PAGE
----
Semler Scientific Stock: Why I’m Buying (NASDAQ:SMLR)


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Semler Scientific (SMLR) stock has gotten absolutely destroyed since reporting Q4-21 results on Feb. 28. The stock is down ~30% since earnings, and this came on the heels of the stock getting crushed with all other high-flying growth stocks amidst the market downturn in recent months.

I view this as an excellent buying opportunity and I am adding to my position. I originally invested in 2020 with a cost basis in the $70s. In the five quarters since I invested, the company has produced strong operational results and has recovered from business problems caused by Covid-19. Semler has long-term growth potential and is likely to deliver excellent returns from the recent high-$40s price range.

Q4-21: Variable Fees

Prior to Covid-19 in 2020, Semler had been a smallcap revenue growth darling, posting growth rates above 50%, including 2019 when the company grew revenue by 53%.

2021

2020

2019

2018

2017

Revenue

$53M

$38.6M

$32.8M

$21.5M

$12.5M

Growth Rate

37%

18%

53%

72%

69%

Source: Company press releases, 10-Ks, author tabulations

However, the company struggled with growth in the first half of 2020 because of the nature of its business. Semler is largely a one-product company. It licenses software along with its medical device called QuantaFlo, which is a finger cuff used by a provider that quickly tests a patient for Peripheral Arterial Disease (aka PAD).

Semler licenses QuantaFlo to health insurers, physician groups, and health risk assessment companies. Customers have one of two purchase models: Fixed Fee (recurring) or Variable Fee. Fixed Fee has traditionally provided the bulk of company revenue, but Variable Fee is still significant. In 2021, Variable Fee accounted for 41% of Semler’s vascular testing revenue.

When Covid hit in 2020, Variable Fee revenue – which is based on testing volume – got hammered. Routine healthcare visits and elective medical care were put on hold as the healthcare industry prioritized essential medical services. This hurt Semler. Below is a snapshot of Semler’s Q2 revenue between 2019 and 2021, which illustrates how severely Covid hurt Variable Fee revenue in 2020:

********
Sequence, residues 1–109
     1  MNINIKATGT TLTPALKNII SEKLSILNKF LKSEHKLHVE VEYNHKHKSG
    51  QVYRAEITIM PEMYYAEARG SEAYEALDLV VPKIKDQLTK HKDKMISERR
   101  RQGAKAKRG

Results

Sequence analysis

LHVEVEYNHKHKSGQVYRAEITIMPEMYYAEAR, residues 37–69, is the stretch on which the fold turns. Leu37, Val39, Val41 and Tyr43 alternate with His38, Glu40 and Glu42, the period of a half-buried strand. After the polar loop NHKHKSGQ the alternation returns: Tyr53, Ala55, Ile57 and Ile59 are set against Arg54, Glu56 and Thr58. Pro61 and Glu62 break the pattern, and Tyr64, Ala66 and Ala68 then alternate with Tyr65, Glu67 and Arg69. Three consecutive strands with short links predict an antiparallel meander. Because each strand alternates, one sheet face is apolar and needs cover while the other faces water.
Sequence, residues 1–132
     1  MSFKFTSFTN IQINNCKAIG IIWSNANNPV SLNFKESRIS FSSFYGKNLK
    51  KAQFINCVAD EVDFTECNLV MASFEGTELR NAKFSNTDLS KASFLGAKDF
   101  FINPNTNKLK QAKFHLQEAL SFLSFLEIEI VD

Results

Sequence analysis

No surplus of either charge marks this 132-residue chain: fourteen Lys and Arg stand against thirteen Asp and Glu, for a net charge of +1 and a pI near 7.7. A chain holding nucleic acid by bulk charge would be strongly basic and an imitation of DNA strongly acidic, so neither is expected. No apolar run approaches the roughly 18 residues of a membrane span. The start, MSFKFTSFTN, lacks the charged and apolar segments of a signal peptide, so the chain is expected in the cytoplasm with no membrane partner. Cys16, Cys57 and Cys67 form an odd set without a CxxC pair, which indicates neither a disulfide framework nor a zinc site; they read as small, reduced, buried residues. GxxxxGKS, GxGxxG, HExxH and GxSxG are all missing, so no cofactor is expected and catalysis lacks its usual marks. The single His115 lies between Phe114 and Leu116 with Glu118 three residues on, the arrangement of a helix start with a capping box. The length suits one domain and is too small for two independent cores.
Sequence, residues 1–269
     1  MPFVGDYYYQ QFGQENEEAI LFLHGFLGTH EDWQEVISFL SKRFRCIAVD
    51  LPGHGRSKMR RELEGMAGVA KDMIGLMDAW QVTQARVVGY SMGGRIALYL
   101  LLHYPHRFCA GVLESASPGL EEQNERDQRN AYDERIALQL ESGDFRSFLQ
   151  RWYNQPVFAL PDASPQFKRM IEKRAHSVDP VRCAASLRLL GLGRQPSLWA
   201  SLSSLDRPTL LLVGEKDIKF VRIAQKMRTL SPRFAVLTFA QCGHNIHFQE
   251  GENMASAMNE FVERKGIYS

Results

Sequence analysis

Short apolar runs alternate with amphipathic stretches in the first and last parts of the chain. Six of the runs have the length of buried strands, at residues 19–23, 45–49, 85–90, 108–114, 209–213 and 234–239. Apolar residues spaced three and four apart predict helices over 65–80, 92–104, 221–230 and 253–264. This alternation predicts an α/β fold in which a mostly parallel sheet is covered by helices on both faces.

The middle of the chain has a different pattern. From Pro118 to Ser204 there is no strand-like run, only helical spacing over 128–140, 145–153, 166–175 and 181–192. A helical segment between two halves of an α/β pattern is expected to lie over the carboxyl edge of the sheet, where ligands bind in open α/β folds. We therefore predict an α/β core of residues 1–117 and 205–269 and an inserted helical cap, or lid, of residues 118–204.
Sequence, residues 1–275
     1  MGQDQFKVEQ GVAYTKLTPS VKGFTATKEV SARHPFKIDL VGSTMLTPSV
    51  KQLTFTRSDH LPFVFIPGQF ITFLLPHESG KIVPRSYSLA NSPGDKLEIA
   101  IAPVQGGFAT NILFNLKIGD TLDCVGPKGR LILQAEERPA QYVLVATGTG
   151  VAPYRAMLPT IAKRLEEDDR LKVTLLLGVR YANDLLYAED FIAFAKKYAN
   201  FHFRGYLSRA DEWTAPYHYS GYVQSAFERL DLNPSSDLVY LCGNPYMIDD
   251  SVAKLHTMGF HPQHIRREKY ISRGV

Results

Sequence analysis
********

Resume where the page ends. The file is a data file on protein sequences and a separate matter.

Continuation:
Q2-21 (Covid Recovery)

Q2-20 (Covid)

Q2-19 (Pre-Covid)

Fixed Fee Revenue

$7.6M

$6M

$5.4M

% Change

27%

11%

Variable Fee Revenue

$6.5M

$290k

$2.3M

% Change

>2,200%

-87%

Source: Company press releases and author tabulations

Variable Fee was hurt in the first half of 2020 and began to recover in the latter half of the year. The inverse happened in 2021: Variable Fee spiked in the first half of 2021 and slowed in the second half of the year. In Q4-21, Variable Fee revenue declined 22% yoy and revenue overall was down 5%.

Looking Ahead

The company does not issue guidance and executives on the Q4 earnings call stated that they do not know if the new Variable Fee trend (strong first half of year / weak second half) will remain a permanent fixture moving forward.

The selloff after the earnings results was severe. Revenue and EPS did not meet analyst consensus estimates. Semler is a smallcap and just three analysts officially cover the company.

For FY 2021, revenue growth was strong at 37%. The company generated free cash flow of $15 million and has seen strong free cash flow generation in recent years. The company is in excellent financial condition and is sitting on $37 million in cash.

Semler has a lot of positives going for its business. Its QuantaFlo patent does not expire until 2027. The primary competitor to the company’s technology is the traditional blood pressure cuff ABI device. PAD is often undiagnosed because it is largely asymptomatic. Recent results from a peer-reviewed study in Nevada showed the benefits of preventing future death and disease by detecting PAD using QuantaFlo. And the primary market for QuantaFlo usage is the Medicare population, which will continue to increase in size at a strong clip.

Additionally, Semler is in the early stages of introducing two new software offerings focused on diabetes and alzheimers in partnership with smaller companies that created the technology. These new initiatives are not material to the business at this time, but the company is making efforts to diversify its business.

Valuation / Conclusion

Semler grew EPS 22% in 2021. Assuming the company grows EPS 20% in 2022, we have Semler trading at a Forward P/E of 19 at $47.20/share. This includes the $37 million in cash on the books at a market cap of just under $320 million. For comparison, the Russell 2000 Index trades at a premium to Semler with a Forward P/E of 22. Given Semler’s growth profile, its market opportunity, and its strong financial position, I wouldn’t be surprised to see Semler trade at a healthy premium to the Russell 2000 in the future.

Semler is a strong buy. I expect Semler to outperform the market in coming years. I am adding to my position.



Read More: Semler Scientific Stock: Why I’m Buying (NASDAQ:SMLR)

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